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Know Your Braggin' Rights Rival: Illinois

There must be something wrong with me.  I know Mizzou can win this game, and I know a win tomorrow night would give this season a significant bump in the right direction.  But when I think of the Illinois game, two major thoughts come to mind:

  1. We're probably going to lose.  It's what we do in this game.  (And as long as we keep winning the football game, I see this as a fair trade.)

  2. As long as we show improvement, moving the ball relatively well on offense and showing that we've improved on the boards, I'm more or less okay with that.

Here's the problem: every time I've ever decided I've come to grips with a loss beforehand, we end up losing in the most annoying, grating way possible.  AJ blocks a shot right to Brian Boddicker for an open 3 against Texas in 2004.  Kansas makes two ridiculously stupid 25-foot 3-pointers to win at Hearnes in 2003.  Keon Lawrence slips and dribbles the ball off his foot against Illinois in 2007.  Et cetera.  So now that I've officially accepted that we're probably going to lose this game ... I'm fired up about not losing this game.

Illinois 8-3

UI Opp
Points Per Minute
1.97 1.63
Points Per Possession (PPP)
1.15 0.95
Points Per Shot (PPS)
1.29 1.11
2-PT FG% 52.8% 47.1%
3-PT FG% 38.6% 27.9%
FT% 73.0% 70.8%
True Shooting % 57.3% 49.2%
UI Opp
Assists/Gm 17.5 11.5
Steals/Gm 6.1 6.1
Turnovers/Gm 11.7 14.3
Ball Control Index
(Assists + Steals) / TO
2.01 1.24
UI Opp
Expected Offensive Rebounds 131 144
Offensive Rebounds 125 123
Difference -6 -21

Ken Pomeroy Stats

UI Offense vs MU Defense Ranks
UI Offense MU Defense Advantage
Efficiency 38 13 MU
Effective FG% 34 11 MU
Turnover % 22 2 MU
Off. Reb. % 122 268 Illini Big
FTA/FGA 321 185 MU Big
MU Offense vs UI Defense Ranks
MU Offense UI Defense Advantage
Efficiency 58 101 MU
Effective FG% 48 73 MU
Turnover % 73 198 MU Big
Off. Reb. % 86 50 Illini
FTA/FGA 313 59 Illini Big

Where the Illini are best

In all, Illinois is a pretty damn efficient offensive team.  They shoot well (57.3% true shooting), they don't turn the ball over much (outside of Demetri McCamey), their BCI hovers right at a lovely 2.0, and they are perfectly acceptable in the offensive rebounding category; they're only okay in the rebounds department considering their overall size (six guys 6'9 or taller), but they're still better than Mizzou by all means.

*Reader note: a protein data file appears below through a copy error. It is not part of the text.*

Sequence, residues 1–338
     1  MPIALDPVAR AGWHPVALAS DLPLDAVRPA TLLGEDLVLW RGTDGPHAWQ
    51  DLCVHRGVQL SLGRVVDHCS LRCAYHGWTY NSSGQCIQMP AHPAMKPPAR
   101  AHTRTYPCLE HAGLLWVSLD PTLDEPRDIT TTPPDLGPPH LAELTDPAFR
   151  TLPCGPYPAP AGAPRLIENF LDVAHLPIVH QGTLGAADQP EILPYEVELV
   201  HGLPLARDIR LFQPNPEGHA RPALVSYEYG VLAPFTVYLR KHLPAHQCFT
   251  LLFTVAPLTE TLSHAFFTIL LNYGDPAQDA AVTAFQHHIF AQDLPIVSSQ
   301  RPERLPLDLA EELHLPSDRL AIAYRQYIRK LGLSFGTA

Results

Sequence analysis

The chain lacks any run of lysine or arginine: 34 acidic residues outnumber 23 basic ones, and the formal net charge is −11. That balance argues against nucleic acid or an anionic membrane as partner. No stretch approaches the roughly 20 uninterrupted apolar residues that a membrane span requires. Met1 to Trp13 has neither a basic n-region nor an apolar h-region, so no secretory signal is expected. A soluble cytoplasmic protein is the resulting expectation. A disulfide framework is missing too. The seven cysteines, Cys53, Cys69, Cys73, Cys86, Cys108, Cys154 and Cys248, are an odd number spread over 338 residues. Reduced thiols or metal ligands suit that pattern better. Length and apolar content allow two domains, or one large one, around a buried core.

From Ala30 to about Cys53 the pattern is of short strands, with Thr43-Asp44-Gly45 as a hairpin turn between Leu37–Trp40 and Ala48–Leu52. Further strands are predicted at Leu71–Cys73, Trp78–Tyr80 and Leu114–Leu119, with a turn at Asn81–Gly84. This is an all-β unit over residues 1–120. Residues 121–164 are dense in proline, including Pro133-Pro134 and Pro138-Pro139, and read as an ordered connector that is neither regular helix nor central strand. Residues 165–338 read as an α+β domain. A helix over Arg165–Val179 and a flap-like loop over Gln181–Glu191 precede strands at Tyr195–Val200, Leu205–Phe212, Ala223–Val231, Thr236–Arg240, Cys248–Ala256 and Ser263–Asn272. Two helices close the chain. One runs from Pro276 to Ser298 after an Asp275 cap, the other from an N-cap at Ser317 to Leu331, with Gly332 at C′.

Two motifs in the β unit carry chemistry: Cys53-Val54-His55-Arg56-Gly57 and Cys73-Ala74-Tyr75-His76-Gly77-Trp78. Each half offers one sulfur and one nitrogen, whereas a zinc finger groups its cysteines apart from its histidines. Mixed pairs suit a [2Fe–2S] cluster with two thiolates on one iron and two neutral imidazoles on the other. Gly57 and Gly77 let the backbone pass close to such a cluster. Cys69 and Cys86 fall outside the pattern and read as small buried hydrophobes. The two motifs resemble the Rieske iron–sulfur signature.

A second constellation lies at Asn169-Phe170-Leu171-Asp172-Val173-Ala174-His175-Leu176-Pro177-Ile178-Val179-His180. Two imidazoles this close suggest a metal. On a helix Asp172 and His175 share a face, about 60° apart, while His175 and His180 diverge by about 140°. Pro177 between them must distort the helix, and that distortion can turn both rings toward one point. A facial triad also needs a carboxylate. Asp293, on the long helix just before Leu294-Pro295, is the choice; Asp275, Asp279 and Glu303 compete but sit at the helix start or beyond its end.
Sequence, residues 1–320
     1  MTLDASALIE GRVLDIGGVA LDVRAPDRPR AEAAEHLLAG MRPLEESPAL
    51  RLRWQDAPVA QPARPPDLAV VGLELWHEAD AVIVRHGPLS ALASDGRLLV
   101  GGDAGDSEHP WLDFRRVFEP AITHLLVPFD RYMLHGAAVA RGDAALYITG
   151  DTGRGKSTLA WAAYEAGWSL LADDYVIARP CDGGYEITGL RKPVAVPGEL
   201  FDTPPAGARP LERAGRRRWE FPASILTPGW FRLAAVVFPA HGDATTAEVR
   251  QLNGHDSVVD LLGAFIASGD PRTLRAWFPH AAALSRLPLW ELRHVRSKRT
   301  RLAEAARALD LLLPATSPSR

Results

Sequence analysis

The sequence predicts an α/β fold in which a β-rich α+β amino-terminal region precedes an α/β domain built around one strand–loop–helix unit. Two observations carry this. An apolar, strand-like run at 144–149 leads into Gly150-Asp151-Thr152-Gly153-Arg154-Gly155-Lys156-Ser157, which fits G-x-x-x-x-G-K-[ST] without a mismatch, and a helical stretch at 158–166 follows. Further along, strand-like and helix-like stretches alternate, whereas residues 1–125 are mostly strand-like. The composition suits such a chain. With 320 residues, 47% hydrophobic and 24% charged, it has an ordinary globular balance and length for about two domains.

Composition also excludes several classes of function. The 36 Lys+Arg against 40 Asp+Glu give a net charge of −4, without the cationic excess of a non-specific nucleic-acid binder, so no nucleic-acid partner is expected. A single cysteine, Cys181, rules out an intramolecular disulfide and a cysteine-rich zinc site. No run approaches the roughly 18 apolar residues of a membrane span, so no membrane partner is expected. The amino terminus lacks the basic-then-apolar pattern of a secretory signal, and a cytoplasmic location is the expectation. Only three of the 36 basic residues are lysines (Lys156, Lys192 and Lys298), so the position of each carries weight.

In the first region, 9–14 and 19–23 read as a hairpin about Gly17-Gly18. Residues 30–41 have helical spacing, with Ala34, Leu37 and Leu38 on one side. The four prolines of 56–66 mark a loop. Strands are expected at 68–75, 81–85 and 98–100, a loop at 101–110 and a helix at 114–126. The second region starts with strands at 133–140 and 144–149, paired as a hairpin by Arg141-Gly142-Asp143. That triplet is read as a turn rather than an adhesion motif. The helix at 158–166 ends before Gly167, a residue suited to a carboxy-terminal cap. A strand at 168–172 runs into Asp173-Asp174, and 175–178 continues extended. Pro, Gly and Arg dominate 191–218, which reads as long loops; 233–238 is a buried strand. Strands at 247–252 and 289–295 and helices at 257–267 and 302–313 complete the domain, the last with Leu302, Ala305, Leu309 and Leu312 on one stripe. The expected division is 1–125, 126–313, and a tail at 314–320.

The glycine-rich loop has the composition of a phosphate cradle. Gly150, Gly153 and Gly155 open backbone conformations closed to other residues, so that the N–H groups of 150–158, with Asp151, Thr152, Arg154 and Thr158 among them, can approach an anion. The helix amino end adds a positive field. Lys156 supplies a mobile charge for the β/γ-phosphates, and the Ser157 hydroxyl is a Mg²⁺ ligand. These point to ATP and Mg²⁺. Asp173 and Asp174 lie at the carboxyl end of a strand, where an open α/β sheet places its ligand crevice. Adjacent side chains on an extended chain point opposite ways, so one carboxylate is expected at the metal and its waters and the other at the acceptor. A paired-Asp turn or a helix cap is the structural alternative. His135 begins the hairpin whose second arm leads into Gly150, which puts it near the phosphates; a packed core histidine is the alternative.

Where the Illini are weakest

First of all, they don't get to the line any better than Mizzou does -- this game could be decided by long jumpers and offensive rebound opportunities.  Plus, while they're strong in terms of FG% defense, they don't force too many turnovers.

UI's Season to Date

  • @Illinois 96, SIU-Edwardsville 69 (W)
  • @Illinois 80, Northern Illinois 61 (W)
  • Las Vegas Invitational
    @Illinois 94, Presbyterian 48 (W)
    @Illinois 78, Wofford 64 (W)
    Utah 60, Illinois 58 (in Las Vegas) (L)
    Bradley 72, Illinois 68 (in Las Vegas) (L)
  • Illinois 76, @Clemson 74 (W)
  • @Illinois 84, Boise State 77 (W)
  • @Illinois 79, Vanderbilt 68 (W)
  • @Illinois 88, Western Michigan 53 (W)
  • @Georgia 70, Illinois 67 (L)

Looking at both Mizzou's and Illinois' results this year, one thing most certainly stands out: these are two young teams.  Illinois pulls off an astounding comeback to win in Clemson ... right after losing to an iffy Bradley team and a downright bad Utah team.  They pull away from Vanderbilt in a big win ... then lose to Georgia.  They have been outstanding (5-0) at home this season, but away from Assembly Hall, things get relatively dicey (3-3).  Sounds familiar, right?  Mizzou's average win at home this season is by a margin of roughly eleventy-billion-point-one.  Away from Mizzou Arena, they're capable of losing to Oral Roberts.  This makes this game extremely tough to predict.

Illinois Player Stats

Player AdjGS*/Gm GmSc/Min Line
Mike Davis (6'9, 220, Jr.) 14.1 0.46 30.5 MPG, 12.5 PPG, 9.5 RPG, 1.2 APG
Demetri McCamey (6'3, 200, Jr.) 13.1 0.47 27.6 MPG, 14.2 PPG, 5.5 APG, 3.0 RPG, 1.6 SPG, 3.7 TOPG
Mike Tisdale (7'1, 235, Jr.) 11.8 0.50 23.4 MPG, 10.8 PPG, 5.5 RPG, 2.1 BPG
D.J. Richardson (6'2, 185, Fr.) 9.9 0.34 29.4 MPG, 10.8 PPG, 3.0 APG, 2.3 RPG
Brandon Paul (6'4, 195, Fr.) 8.3 0.37 22.3 MPG, 10.4 PPG, 2.6 RPG, 1.9 APG, 1.7 TOPG
Dominique Keller (6'7, 230, Sr.) 6.7 0.45 15.1 MPG, 7.0 PPG, 2.9 RPG
Bill Cole (6'9, 215, Jr.) 4.1 0.27 15.2 MPG, 3.5 PPG, 3.3 RPG
Tyler Griffey (6'9, 225, Fr.) 3.9 0.48 8.1 MPG, 3.5 PPG, 2.1 RPG
Jeff Jordan (6'1, 185, Jr.) 3.0 0.17 17.6 MPG, 2.3 PPG, 2.4 APG, 2.2 RPG
Richard Semrau (6'10, 245, Jr.) 2.8 0.44 6.2 MPG, 2.1 PPG, 2.0 RPG
Alex Legion (6'5, 200, Jr.) 1.5 0.15 10.4 MPG, 3.0 PPG
Stan Simpson (6'10, 230, Fr.) 0.6 0.19 12 minutes
Bubba Chisholm (5'11, 180, Sr.) 0.5 0.38 8 minutes

* AdjGS = a take-off of the Game Score metric (definition here) accepted by a lot of basketball stat nerds.  It redistributes a team's points based not only on points scored, but also by giving credit for assists, rebounds (offensive & defensive), steals, blocks, turnovers and fouls.  It is a stat intended to determine who had the biggest overall impact on the game itself, instead of just how many balls a player put through a basket.

  • Stats from the last two Mizzou-Illinois games:
  • Demetri McCamey: 28.0 MPG, 12.0 PPG (9-for-14 FG, 4-for-7 3PT), 3.0 APG, 3.0 TOPG
    Mike Davis
    : 25.0 MPG, 9.5 PPG (8-for-13 FG), 5.0 RPG
    Mike Tisdale
    : 13.0 MPG, 6.5 PPG (6-for-11 FG), 4.0 RPG

    McCamey murdered Mizzou last year, with 18 first-half points (including, if I remember correctly, at least one bank-shot 3...always a tell-tale sign that you're about to get massacred), so he's clearly the player Mizzou fans fear the most.  Knowing Mizzou's current strengths and weaknesses, however, Davis and Tisdale are almost as worrisome.